Peter Thiel comes in at no. 37, repping for libertarian utopias between Tyler Perry and Ryan Seacrest. Elon Musk is no. 9 on the list, two rungs higher than Adele, but one spot below a new entrant: Pinterest’s Ben Silberman, no. 8. Despite Square’s caffeine-fueled growth, Jack Dorsey stayed at the no. 5 spot, but finally got the fashion props he’s been waiting for. “It’s a Prada suit; for everyday wear, it’s denim from Scott Morrison’s Earnest Sewn line, which was the first brand to use Twitter.”
Scattered among the elite are a handful of New York techies, present and accounted for. By and large, it’s the same group of people as last October, although it’s interesting to note how Vanity Fair assesses their power ranking, year-over-year.
Marissa Mayer is reportedly getting straight to work Googlifying Yahoo. She officially made the food in the Valley HQ free again, much to the delight of the company’s starving engineers. [AllThingsD]
Speaking of Ms. Mayer, Dave McClure thinks she should focus on transforming Yahoo into a female-oriented company. Unfortunately, he called his blog post on the idea, “Pink is the new Purple.” [500 Hats]
Craigslist is stifling innovation by suing PadMapper. [New York Times]
Companies actually listen to your online reviews. Rejoice, asshole Yelpers! [Wall Street Journal]
Presented without comment: “Mr. Blodget now presides over Business Insider from a makeshift standing desk in the middle of a 50-person newsroom in New York, where he barks questions (“Is it cool?” “Can we clip that video?”) at his reporters.” [WSJ]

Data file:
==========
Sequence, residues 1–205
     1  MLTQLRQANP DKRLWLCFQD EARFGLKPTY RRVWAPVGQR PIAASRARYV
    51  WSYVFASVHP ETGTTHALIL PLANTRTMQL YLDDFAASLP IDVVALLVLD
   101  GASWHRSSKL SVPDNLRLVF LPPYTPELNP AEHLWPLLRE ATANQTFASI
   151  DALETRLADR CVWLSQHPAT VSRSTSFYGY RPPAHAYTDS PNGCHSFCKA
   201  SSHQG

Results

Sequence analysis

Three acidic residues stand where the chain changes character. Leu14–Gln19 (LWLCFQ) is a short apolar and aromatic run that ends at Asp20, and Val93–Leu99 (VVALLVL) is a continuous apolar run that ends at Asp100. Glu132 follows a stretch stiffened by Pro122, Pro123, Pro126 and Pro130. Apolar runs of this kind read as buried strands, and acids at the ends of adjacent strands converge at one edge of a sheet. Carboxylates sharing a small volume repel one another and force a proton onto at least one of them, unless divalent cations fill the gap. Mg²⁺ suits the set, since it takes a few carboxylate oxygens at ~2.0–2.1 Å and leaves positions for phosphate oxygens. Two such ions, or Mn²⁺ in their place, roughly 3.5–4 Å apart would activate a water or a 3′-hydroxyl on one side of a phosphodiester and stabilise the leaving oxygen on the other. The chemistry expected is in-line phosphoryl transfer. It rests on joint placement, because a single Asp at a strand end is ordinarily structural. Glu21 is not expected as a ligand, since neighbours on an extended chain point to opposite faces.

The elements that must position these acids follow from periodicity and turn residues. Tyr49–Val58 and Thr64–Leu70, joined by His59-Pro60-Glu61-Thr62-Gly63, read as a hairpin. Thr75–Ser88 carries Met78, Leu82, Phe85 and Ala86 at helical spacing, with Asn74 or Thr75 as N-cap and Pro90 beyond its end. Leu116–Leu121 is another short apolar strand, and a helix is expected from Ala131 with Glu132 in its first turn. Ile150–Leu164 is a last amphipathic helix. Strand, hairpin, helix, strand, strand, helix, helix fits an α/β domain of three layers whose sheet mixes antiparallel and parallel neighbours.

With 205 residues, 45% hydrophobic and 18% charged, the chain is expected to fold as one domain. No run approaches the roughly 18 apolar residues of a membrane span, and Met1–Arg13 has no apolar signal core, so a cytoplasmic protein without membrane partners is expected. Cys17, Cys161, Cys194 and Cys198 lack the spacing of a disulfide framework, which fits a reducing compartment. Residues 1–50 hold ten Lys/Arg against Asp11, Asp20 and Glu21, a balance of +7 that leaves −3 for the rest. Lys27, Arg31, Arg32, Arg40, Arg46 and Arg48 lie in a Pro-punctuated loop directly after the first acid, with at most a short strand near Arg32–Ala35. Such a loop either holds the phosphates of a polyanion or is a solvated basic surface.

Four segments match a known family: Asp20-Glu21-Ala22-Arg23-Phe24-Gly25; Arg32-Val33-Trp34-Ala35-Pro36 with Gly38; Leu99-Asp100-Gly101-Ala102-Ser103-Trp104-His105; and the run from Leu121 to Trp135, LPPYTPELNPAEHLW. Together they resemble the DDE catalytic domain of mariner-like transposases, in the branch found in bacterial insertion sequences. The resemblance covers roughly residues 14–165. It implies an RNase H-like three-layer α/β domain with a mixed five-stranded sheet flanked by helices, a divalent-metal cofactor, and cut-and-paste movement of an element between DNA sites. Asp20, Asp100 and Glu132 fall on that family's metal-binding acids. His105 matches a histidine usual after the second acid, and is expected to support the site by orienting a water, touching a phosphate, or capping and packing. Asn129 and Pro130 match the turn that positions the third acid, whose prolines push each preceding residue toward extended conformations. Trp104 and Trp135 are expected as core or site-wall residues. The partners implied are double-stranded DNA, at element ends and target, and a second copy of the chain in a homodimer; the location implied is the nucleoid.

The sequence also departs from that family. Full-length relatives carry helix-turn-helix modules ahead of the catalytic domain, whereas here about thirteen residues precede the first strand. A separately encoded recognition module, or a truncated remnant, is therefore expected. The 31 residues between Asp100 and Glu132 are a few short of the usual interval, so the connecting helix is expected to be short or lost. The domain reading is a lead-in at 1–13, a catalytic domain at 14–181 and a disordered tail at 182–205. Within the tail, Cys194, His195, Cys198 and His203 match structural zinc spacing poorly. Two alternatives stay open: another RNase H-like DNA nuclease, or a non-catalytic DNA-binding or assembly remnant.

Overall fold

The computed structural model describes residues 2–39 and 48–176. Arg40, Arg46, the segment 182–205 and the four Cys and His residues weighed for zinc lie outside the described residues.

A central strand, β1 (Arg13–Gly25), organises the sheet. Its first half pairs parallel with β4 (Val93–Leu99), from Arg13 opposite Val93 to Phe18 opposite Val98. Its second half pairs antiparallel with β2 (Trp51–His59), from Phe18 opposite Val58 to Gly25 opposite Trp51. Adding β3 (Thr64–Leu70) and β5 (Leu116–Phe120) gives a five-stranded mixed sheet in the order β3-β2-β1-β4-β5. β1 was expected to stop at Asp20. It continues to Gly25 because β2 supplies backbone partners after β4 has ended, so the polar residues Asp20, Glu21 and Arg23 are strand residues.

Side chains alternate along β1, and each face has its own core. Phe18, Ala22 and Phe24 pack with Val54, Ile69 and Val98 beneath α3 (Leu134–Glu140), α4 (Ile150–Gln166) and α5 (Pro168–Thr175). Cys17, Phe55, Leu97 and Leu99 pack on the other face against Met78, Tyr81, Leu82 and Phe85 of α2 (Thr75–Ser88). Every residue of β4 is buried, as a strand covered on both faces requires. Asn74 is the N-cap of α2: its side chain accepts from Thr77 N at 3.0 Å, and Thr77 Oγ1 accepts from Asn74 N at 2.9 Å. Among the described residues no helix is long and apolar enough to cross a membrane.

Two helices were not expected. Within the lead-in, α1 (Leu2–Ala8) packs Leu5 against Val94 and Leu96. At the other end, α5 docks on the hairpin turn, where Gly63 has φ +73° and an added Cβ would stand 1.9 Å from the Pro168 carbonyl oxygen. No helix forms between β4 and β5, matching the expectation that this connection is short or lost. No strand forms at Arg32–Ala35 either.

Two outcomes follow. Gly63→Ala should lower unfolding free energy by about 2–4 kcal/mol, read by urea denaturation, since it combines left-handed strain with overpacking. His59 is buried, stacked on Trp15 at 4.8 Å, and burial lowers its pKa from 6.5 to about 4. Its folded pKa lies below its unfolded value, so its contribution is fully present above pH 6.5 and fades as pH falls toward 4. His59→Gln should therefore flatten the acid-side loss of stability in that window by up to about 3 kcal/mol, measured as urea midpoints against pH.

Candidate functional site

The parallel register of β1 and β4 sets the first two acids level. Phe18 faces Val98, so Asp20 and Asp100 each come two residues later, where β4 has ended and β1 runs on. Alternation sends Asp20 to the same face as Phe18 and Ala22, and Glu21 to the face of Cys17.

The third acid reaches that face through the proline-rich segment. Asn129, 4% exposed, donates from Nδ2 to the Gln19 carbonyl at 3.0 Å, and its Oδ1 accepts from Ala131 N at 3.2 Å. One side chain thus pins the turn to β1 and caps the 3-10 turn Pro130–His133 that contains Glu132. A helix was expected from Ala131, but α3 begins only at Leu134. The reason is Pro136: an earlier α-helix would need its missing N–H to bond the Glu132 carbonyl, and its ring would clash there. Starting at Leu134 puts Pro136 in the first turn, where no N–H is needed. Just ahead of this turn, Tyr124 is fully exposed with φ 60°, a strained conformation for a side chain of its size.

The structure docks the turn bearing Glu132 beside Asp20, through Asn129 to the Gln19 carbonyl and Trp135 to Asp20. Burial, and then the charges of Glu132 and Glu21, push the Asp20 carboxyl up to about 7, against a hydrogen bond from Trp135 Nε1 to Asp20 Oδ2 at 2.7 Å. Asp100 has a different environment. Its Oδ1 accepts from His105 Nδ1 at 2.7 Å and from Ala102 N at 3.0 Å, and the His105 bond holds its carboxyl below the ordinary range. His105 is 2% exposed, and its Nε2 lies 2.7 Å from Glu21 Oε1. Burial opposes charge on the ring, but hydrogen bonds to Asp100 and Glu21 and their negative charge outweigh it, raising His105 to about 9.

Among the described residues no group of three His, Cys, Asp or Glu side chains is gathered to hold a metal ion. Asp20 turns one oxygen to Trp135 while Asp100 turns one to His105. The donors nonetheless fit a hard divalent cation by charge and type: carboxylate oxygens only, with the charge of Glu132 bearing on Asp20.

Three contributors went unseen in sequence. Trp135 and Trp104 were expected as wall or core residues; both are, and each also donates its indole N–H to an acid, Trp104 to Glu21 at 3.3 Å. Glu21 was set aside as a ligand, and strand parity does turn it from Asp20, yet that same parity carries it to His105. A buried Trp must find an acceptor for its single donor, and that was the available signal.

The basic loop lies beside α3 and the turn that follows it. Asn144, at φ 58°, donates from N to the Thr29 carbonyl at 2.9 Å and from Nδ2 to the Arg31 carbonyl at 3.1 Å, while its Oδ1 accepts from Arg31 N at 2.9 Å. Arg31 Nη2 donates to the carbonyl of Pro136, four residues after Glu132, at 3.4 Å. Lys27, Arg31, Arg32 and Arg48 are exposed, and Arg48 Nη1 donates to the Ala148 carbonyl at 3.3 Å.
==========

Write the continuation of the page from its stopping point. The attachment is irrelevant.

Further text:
This week’s cover story for New York magazine is a rather defensive profile of Mark “Watch Out My IPO Pop” Zuckerberg that seems designed to convince readers that Zuck having 57 percent of Facebook voting shares is a great idea. The piece is penned by none other than dotcom champion and Business Insider CEO Henry Blodget. In honor of Mr. Blodget’s reappearance in the mag, we considered opting for a BI classic like “The 25 Hottest Facts from Henry Blodget You Won’t Believe!!!” or even “CONFIRMED: Mark Zuckerberg Is a ‘Brilliant CEO’” as the story sets out to prove.
Unfortunately, the story is a write-around, which means Mr. Blodget didn’t get access to Mr. Zuckerberg–natural during the quiet period. And if you’ve read David Kirkpatrick’s The Facebook Effect, seen Zuck sweat on stage with Kara Swisher, perused Ken Auletta’s excellent profile of Sheryl Sandberg, or can name the founders of Andreessen Horowitz, there isn’t much news to report.
We did, however, enjoy Mr. Blodget’s opaque nod to that time he got banned for life from the securities industry for pumping up stocks in public, while he was bad-mouthing them in private:
IP Uh Oh
Groupon, Groupon, Groupon: Everyone’s talking about the original daily deals company in the leadup to their public debut on the markets. Everyone has a theory about what their company is and isn’t; what their future can be and can’t. And Business Insider—ever so often derided for their cut-and-paste journalism—did something late last night with Groupon that they sometimes tend to do: published a sprawling, sensational, and sourced piece of reporting that covers entire swaths of narratives both primary and otherwise on a hot subject. Meet “INSIDE GROUPON: The Truth About The World’s Most Controversial Company.“
It doesn’t contain any groundbreaking revelations on the company. It’s not going to open them up to further points of scrutiny or single-handedly change the fate of Groupon’s IPO.
But it does offer some great insight from the inside and it is, admittedly, an excellent read. Here are our favorite parts: